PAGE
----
“It was appalling that our sophisticated local and global communications systems completely failed us that fateful day. The communications satellites that I invented, and the global Internet that one of my stories inspired, could have spread the warning, with the hundreds of radio and television channels across coastal Asia amplifying it.

“It is now known that the failures were human, not technological. To ensure better results next time, we need to achieve an optimum mix of technology, management systems and community preparedness — not just for tsunamis, but for many other hazards that we live with. We have to remember that delivering credible early warnings to those who are most at risk is both an art and a science.”


In his foreword, Sir Arthur sees the Asian Tsunami as a turning point for citizen journalism – ordinary people armed with digital tools bearing witness to unfolding events and then sharing it with others. He writes: “On 26 December 2004, many holiday-makers on affected beaches were armed with video cameras, and it was their ‘amateur’ images that later showed us the full force and fury of the unfolding disaster. Because it was distributed over a large area and occurred during peak holiday season, the Asian Tsunami was probably the most widely filmed disaster in history.”

This was not the first disaster that ‘citizen journalists’ covered, says Sir Arthur, but it marked a turning point in the growing phenomenon enabled by information and communications technologies (ICTs). “The post-Tsunami coverage showed that the professional and amateur divide had now blurred; there is a clear (and complementary) role that each can play.”

ICTs can do much in good times and bad, but as Sir Arthur recalls, the Tsunami also reminded us how disasters can make our information society vulnerable. “When electricity and telephone services — both fixed and mobile – went down in the worst affected areas, a century old technology came to the rescue: amateur radio enthusiasts restored the first communication links with the outside world, sometimes using the Morse Code to economise the power of car batteries.”

He quotes the President of the Radio Society of Sri Lanka as saying, “When all else is dead, short wave is alive.”

Sir Arthur’s perceptive foreword is a sobering counterpoint to the post-tsunami frenzy that we witnessed in the Indian Ocean rim countries. Yes, lacking a tsunami warning system – such as the one Pacific Ocean countries have – is a big gap that needed to be filled. But governments and development donors have rushed into setting up high tech, high cost early warning systems without due consideration for social, cultural and political realities of the intended beneficiary countries.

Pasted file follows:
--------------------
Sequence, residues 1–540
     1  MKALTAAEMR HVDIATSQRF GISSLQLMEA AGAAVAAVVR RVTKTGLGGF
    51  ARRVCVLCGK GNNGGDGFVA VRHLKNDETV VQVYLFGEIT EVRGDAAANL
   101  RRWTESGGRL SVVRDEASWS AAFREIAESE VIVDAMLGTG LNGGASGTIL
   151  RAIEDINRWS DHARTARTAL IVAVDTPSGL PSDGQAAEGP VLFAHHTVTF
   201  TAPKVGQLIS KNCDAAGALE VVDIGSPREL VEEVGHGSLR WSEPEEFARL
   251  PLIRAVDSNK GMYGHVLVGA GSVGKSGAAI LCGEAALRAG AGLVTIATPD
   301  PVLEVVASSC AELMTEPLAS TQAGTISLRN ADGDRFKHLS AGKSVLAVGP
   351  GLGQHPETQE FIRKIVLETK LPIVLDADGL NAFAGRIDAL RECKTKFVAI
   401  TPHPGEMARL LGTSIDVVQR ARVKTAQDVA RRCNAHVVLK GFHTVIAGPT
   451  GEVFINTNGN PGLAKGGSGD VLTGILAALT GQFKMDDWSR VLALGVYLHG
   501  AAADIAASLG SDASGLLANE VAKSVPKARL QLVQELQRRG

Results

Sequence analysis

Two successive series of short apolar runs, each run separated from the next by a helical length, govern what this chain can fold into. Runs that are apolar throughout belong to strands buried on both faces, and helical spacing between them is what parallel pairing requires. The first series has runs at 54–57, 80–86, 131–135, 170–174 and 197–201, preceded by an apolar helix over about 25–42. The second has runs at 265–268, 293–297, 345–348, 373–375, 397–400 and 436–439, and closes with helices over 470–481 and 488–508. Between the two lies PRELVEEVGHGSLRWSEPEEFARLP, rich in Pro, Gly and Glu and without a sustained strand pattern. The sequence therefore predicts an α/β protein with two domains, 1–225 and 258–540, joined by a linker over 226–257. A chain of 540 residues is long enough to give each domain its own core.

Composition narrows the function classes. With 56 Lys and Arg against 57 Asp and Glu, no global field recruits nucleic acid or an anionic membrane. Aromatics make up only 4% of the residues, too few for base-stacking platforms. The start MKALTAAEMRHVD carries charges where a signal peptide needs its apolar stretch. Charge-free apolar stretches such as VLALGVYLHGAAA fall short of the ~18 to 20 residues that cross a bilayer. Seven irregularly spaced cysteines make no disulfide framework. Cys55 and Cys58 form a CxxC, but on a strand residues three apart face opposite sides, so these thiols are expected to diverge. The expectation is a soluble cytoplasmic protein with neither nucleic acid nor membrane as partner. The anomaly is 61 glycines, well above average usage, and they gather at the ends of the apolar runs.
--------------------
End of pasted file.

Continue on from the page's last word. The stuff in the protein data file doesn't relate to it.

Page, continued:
As we saw with some subsequent undersea quakes – such as the one off the resort town of Pangandaran, Java, on 17 July 2006, and the one off off Bengkulu, Sumatra, on 12 September 2007 – we have yet to achieve the right mix of technology, management systems and community preparedness in most coastal countries in Asia.

Governments, donors and UN agencies would do well do heed the wise words of Sir Arthur Clarke, who concludes his Foreword with these words:

“Communicating disasters — before, during and after they happen — is fraught with many challenges. Today’s ICT tools enable us to be smart and strategic in gathering and disseminating information. But there is no silver bullet that can fix everything. We must never forget how even high tech (and high cost) solutions can fail at critical moments. We can, however, contain these risks by addressing the cultural, sociological and human dimensions — aspects that this book explores in some depth and detail, from the perspective of both media professionals and disaster managers.

“The lessons of history are clear: if we are not careful, we can easily lull ourselves into the same kind of false confidence that doomed the Titanic.”

Read the full text of “Communicating Disasters: A Century of Lessons”, By Sir Arthur C Clarke

Or download foreword as contained in the printed book

After the Tsunami: Going the Long Last Mile in Sri Lanka


This is J A Malani. She’s an ordinary Sri Lankan woman living in Hambantota, on the island’s southern coast. Several hundred people in her town perished when the Indian Ocean Tsunami arrived on 26 December 2004 without any public warning. When the waves finally stopped their hammering, close to 40,000 people were dead or missing in the biggest disaster the island nation experienced.

Survivor Malani and her neighbours – lucky to be alive – are naturally apprehensive about when the next disaster might arrive, in what form and from where.

And this time around, too, they worry whether there would be anyone to warn them about it.

There just might be. Since the big tsunami three years ago, several Sri Lankan telecom operators, civil society organisations, IT companies and researchers have come together to test out a community-based hazard warning system — one that would prevent the repetition of the nasty surprise Malani’s community experienced not too long ago.

‘Evaluating Last Mile Hazard Information Dissemination Project’ (HazInfo project for short) was an action research project by LIRNEasia to find out how communication technology and training can be used to safeguard grassroots communities from disasters. It involved Sarvodaya, Sri Lanka’s largest development organisation, and several other partners, and was supported by International Development Research Center (IDRC) of Canada.